Geometric Bull

Carl Claudy

"There are a lot of things in Masonry," began the New Brother to the Old Tiler.

"Bravo!" cried the Old Tiler, sarcastically. "Who told you all that?"

"And some of them," continued the New Brother, "are more or less bull. I yield to no one in my love for the order, but I see its faults. And when I am expected to learn the science of geometry as a part of Masonry I know I am being bulled. There is no more sense to including geometry in the second degree than there would be including paleontology or..."

"I love to hear a man say he can see the faults of Masonry," interrupted the Old Tiler, "because then I am in the presence of a master mind. Generations of philosophers have made Masonry what it is. When a new brother can plainly see its faults he is greater than all of these."

"Of course I did not mean it that way. I just meant that I, er, you know..."

"Do I? Well, then I suppose I'd better not mince words about it. To say there is no sense to geometry in the second degree is to advertise the fact that you know nothing and care less for the symbolism of the order. Take from Masonry its symbolism and all you have left is a central thought with no means of expression. Imagine a great musician, deaf, blind, and paralyzed, his heart ringing with wonderful melodies and harmonies, yet unable to give them expression, and you have a mental picture of Masonry without symbolism. Symbolism is Masonry's means of expressing thought, and geometry, in the second degree, is not an arithmetical study, but a symbol.

"Geometry was an outgrowth of the first science. The first glimpse brute man had there was aught in nature but haphazard chance or the capricious doing of a superior overlord was when he learned the stupendous fact that two and two always make four.

"From that humble beginning and recognition of the master law of the universe-which is, that law is universal, unchanging, and invariable-grew the study of things; their surfaces, their areas, their angles, their motions, their positions. Modern methods have gone farther than Euclid, but his work was perfectly done and Euclid's geometry stands today as a perfect thing, as far as he took it.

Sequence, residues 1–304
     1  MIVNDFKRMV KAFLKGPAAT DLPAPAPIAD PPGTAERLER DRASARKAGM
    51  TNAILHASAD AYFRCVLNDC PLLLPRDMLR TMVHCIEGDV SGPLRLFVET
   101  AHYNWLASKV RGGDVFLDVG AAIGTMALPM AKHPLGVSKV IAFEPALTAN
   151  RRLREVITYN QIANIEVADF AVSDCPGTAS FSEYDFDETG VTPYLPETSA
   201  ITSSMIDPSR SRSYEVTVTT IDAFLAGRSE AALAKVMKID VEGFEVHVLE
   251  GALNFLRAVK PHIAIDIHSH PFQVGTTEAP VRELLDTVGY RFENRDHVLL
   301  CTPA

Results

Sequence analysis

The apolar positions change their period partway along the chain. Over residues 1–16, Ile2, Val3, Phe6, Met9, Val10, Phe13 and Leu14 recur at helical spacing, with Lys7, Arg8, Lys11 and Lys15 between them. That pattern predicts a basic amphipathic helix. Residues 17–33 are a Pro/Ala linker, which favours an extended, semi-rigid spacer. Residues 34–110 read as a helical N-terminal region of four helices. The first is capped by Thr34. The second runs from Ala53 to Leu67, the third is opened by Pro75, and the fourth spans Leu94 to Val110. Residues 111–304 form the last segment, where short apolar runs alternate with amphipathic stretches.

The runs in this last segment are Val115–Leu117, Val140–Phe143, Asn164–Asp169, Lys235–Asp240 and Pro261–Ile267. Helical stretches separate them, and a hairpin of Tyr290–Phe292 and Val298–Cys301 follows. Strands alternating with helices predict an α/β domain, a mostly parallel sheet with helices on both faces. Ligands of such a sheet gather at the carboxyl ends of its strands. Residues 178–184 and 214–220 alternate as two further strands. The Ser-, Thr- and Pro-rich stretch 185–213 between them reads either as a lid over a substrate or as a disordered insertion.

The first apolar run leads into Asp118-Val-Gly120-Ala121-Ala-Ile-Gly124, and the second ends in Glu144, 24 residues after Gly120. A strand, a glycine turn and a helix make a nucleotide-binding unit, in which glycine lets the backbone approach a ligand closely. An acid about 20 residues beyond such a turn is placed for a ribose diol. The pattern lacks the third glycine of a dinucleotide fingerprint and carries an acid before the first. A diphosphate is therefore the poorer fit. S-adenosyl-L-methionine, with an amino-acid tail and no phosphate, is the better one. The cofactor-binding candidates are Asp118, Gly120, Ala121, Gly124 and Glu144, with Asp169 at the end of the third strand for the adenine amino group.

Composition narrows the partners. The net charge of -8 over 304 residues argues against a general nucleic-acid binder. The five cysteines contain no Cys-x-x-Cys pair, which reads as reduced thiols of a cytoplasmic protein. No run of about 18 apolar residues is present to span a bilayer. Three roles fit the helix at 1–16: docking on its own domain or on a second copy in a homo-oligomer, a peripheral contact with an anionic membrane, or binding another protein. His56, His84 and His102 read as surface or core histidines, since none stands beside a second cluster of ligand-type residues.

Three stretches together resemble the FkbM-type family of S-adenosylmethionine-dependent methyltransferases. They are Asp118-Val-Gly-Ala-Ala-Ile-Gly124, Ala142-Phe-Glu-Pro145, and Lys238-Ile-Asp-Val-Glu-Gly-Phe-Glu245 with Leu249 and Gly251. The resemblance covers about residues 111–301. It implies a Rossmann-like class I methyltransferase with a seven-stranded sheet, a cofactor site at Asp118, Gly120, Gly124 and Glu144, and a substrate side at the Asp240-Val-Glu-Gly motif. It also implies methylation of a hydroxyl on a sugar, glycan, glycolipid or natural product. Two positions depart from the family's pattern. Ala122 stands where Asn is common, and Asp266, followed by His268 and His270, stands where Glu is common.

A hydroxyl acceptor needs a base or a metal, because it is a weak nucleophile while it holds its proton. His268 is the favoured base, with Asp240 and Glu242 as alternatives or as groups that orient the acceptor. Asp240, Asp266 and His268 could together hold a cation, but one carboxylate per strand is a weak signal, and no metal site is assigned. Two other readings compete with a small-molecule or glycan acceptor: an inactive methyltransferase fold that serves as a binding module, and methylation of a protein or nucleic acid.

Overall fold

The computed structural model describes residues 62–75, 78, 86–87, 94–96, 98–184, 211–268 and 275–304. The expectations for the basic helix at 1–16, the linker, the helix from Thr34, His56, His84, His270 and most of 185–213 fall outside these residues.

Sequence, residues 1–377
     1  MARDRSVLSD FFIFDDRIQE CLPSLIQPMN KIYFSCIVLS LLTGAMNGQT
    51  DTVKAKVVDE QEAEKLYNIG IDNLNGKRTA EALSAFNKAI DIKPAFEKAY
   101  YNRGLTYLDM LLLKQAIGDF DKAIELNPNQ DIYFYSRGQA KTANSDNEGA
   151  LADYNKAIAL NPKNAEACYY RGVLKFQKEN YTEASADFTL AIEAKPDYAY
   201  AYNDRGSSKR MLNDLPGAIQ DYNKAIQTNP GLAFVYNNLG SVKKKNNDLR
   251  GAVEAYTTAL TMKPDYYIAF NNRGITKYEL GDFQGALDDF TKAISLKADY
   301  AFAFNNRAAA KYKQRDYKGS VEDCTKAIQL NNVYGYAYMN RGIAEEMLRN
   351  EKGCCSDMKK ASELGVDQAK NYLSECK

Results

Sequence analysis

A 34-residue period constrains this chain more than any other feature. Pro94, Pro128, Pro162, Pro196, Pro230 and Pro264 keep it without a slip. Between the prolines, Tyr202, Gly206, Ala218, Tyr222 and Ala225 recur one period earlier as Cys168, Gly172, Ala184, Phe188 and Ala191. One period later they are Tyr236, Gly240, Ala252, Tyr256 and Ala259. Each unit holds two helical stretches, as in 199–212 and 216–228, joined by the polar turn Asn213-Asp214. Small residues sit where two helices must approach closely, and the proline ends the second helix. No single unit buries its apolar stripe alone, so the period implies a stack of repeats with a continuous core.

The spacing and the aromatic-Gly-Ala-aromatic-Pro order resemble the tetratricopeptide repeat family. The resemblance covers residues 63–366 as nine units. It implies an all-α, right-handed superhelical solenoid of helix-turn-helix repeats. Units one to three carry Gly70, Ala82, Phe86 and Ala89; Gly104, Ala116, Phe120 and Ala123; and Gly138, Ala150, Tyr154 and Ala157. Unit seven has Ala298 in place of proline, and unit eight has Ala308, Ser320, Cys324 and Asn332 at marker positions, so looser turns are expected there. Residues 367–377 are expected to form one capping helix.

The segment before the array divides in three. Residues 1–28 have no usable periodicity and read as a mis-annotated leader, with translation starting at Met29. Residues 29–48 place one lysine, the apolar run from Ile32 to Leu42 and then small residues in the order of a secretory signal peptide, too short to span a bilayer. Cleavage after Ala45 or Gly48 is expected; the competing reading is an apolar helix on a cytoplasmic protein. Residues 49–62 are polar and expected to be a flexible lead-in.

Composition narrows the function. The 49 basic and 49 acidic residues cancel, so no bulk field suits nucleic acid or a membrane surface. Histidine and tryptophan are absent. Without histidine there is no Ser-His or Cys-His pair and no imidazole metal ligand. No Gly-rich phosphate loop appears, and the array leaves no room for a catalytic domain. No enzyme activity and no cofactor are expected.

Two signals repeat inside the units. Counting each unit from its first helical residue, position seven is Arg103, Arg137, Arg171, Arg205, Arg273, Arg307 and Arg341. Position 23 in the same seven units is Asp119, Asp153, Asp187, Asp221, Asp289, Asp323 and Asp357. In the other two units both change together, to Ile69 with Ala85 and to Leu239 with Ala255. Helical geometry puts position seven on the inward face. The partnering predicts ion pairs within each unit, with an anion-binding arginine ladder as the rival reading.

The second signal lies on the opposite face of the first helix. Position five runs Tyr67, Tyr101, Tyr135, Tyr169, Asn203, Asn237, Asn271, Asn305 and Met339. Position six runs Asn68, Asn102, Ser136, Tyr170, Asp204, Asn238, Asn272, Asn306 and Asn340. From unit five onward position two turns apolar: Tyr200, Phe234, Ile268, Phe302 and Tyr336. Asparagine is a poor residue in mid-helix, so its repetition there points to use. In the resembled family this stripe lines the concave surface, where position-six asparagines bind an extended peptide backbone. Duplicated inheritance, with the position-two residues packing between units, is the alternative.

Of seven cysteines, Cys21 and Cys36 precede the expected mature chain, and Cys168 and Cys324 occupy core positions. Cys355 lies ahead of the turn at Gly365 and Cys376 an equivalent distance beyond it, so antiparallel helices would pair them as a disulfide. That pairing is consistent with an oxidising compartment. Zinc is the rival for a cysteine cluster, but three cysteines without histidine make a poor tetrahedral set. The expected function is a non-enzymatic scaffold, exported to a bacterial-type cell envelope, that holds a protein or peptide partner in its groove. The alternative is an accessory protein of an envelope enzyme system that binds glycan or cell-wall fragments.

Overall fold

"Geometry is the science of order. Reaching back to the first recognition that there was order in the world, it may stand for anyone who has eyes to see, as it does stand in Masonry, for man's recognition of God in the universe. It is a symbol of universality. By geometry we know that natural law on earth is nature's law for the stars. There have been few atheists in the world, but I venture to say that none of them have been geometricians or astronomers. They know too much to deny the existence of the Great Geometer when seeing His work.

"Geometry is everywhere. It is in the snowflake's measured lines of crystallization. There is geometry of the honeycomb and a geometry of the cone of a fir tree. Mountains stand or fall as they obey or disobey the laws of geometry and the spider in her web and the planets in their orbits alike work according to the universal laws of geometry.

"'I think God's thoughts after Him,' said the great astronomer Kepler, looking through his telescope and thinking of the geometry of the skies.

"If we know two angles and one dimension, we can find the other dimension. Man has angles and dimensions; and if we know enough of them we can find the rest. One of a man's angles is his love of Masonry. Given a real love of Masonry as one angle, a willingness to live her precepts as the other and we can tell what sort of a man he is now, used to be, and will be in the future.

"It is a real geometry the second degree commends to you, my brother, because it is a symbol of law and order, of Deity, of universality. But it is spiritual geometry which you should study rather than the propositions of Euclid, bearing in mind that they are symbols of that which Masonry most venerates, most wisely teaches, and most greatly loves.

"Our ancient brother Pythagoras discovered the wonderful demonstration of the Great Architect which is the forty-seventh problem of Euclid. And so when I hear a young squirt of a Mason, with his eyes barely opened to the long path which is Masonry winding through the stars to God, say that the geometry in the second degree is bull, I wish I were young enough to take him out in the back lot and treat him as I would a small boy who found humor in church and fun in sacred things, and..."

"Oh, stop!" cried the New Brother. "I was wrong. I didn't understand. Say, where can I get a geometry book? I want to know more about that forty-seventh problem."

"In the reading room," growled the Old tiler. "And, say, son, when you get it in your head, come back here and explain it all over again to me, will you?"